A van company loan – just for an election?

The decision of the government to offer a taxpayer loan for just four weeks to LDV, with no extension, is a carefully chosen time period for the lending.

Four weeks from today takes us beyond the local and European elections, avoiding embarrassing headlines about the collapse of a vehicle maker when votes have to be garnered. The unwary in the media may even do the government’s bidding, and offer us “rescue” headlines, to show the government feels the motor industry’s pain, and is on board to help them.

We should instead be asking

1. Why don’t the nationalised banks lend money to LDV? Do they think it a bad prospect?
2. Why will the deal be done in another four weeks?
3. What happens if the deal is not done in four weeks?
4. What security have taxpayers got for their £5 million?

The good news is it’s only £5 million. If it had been a bank, then it would have been a different story – huge sums for unlimited time periods. What a pity none of this bank money has produced bank finance for a company the government thinks should and can be saved!


  1. Simon D
    May 6, 2009

    I agree.

    However, why is the interest of the taxpayer important? The Government has an election to win in 12 months time. The European elections are an important milestone. “Saving” LDV will probably play well with New Labour supporters, especially those who might be inclined next month to vote for the BNP or live in marginal constituencies in the Midlands. It will also play well with the media. I am sure, for example, the BBC will be at the head of the line to give the initiative air coverage.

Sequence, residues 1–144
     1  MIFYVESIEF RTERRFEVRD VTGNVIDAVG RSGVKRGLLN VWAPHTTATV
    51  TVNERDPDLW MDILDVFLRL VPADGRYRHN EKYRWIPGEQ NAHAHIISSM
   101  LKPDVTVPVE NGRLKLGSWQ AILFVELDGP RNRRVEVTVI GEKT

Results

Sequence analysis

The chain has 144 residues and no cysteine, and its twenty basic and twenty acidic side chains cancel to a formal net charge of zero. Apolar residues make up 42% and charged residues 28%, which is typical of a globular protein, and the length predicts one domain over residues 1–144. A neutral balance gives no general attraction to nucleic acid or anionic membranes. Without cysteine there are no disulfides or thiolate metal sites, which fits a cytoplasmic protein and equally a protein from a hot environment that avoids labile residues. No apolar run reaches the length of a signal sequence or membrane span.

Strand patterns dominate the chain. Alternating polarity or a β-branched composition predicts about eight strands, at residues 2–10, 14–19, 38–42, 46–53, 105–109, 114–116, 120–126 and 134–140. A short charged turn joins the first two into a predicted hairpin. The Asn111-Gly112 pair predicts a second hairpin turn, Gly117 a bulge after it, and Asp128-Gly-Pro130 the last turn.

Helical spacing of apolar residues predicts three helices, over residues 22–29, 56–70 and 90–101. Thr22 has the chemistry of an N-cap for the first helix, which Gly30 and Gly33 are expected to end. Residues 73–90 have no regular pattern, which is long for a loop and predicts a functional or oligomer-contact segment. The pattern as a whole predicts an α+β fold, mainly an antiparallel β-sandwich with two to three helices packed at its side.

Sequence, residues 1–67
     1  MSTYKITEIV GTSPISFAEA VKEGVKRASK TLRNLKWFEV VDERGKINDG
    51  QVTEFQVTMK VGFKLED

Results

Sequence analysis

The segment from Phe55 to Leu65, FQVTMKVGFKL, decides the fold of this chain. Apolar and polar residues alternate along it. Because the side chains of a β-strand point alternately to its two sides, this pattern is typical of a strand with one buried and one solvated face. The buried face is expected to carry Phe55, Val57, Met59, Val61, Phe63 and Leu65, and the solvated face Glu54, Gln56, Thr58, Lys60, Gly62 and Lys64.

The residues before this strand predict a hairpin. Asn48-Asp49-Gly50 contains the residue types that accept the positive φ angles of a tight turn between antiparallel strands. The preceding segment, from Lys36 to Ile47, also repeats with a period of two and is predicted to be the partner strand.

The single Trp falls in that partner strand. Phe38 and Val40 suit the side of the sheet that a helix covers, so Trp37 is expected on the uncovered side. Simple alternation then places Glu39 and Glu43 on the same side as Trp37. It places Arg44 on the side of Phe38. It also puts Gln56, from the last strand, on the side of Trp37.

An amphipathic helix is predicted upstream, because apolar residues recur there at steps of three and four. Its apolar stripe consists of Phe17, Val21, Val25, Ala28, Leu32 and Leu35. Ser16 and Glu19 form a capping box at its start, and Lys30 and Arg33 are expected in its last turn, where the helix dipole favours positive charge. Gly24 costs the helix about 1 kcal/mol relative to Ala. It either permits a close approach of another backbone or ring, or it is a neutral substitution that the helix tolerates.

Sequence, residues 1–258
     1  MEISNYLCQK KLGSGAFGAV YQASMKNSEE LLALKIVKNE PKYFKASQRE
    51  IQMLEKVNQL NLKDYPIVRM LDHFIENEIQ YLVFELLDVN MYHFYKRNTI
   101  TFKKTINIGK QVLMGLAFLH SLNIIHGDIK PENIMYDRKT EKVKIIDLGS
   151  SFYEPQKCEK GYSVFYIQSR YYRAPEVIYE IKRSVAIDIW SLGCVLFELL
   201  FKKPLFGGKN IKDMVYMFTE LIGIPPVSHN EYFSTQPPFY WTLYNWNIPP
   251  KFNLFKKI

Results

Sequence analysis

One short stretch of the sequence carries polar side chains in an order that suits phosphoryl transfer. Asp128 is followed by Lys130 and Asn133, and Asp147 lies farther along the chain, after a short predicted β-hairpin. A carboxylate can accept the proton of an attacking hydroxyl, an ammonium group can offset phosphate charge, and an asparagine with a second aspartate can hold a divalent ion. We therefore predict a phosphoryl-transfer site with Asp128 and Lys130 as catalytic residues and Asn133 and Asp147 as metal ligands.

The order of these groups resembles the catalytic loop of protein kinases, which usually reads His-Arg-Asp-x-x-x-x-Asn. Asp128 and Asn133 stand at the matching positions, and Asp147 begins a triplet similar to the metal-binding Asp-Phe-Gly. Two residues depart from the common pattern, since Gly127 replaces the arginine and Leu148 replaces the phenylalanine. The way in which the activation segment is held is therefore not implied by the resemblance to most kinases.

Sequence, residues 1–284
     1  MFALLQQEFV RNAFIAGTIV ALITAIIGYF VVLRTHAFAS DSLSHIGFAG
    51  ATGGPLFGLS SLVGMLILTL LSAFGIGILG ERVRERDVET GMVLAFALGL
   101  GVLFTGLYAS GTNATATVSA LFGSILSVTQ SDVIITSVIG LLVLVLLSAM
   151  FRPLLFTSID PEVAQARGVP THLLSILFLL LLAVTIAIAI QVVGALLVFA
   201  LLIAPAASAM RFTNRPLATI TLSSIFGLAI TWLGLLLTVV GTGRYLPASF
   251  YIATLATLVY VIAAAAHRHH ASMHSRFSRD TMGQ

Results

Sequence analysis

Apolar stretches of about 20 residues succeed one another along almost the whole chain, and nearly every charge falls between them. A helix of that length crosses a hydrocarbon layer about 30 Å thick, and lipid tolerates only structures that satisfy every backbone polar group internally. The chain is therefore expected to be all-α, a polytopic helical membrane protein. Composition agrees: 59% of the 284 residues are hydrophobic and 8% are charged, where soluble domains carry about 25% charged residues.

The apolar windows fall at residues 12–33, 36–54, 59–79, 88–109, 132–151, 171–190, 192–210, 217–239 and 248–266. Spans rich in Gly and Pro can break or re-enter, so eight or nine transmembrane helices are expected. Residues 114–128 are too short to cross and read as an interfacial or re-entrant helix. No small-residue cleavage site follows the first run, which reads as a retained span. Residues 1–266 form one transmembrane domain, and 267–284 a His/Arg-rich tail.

The interest of the taxpayer can easily be sacrificed if the pay back is to enhance the chances of New Labour electoral success in May 2010.

  2. Man in a Shed
    May 6, 2009

    This all sounds very familiar, now where have we heard this story before ? Ah yes the loan to Rover just before the 2005 general election.

  3. Brian Tomkinson
    May 6, 2009

    Ask Cameron to cover these points at PMQs today.

  4. mikestallard
    May 6, 2009

    I had noticed that the elections coincide with the loan agreement.
    Therefore I am sure most other people had too.
    Nationalised banks are, of course, in a different file to the Car Industry,
    as you pointed out yesterday,
    is in a different file to
    The environment and cycling to work to avoid Global Warming.
    Look, luvvy, it is called, “joined up government”.

  5. Denis Cooper
    May 6, 2009

    According to Christopher Booker and Richard North, who are usually right about such matters, there’s an aspect which isn’t being widely reported:


    “… the story behind LDV’s plight, which arises from one of the greatest scandals in the murky saga of Britain’s defence procurement. In 1998, to compensate for Britain’s failure to join the euro, Tony Blair agreed with President Chirac at St Malo that we would play a central role in building a “European defence identity”, independent of the US …”

  6. Adam Collyer
    May 6, 2009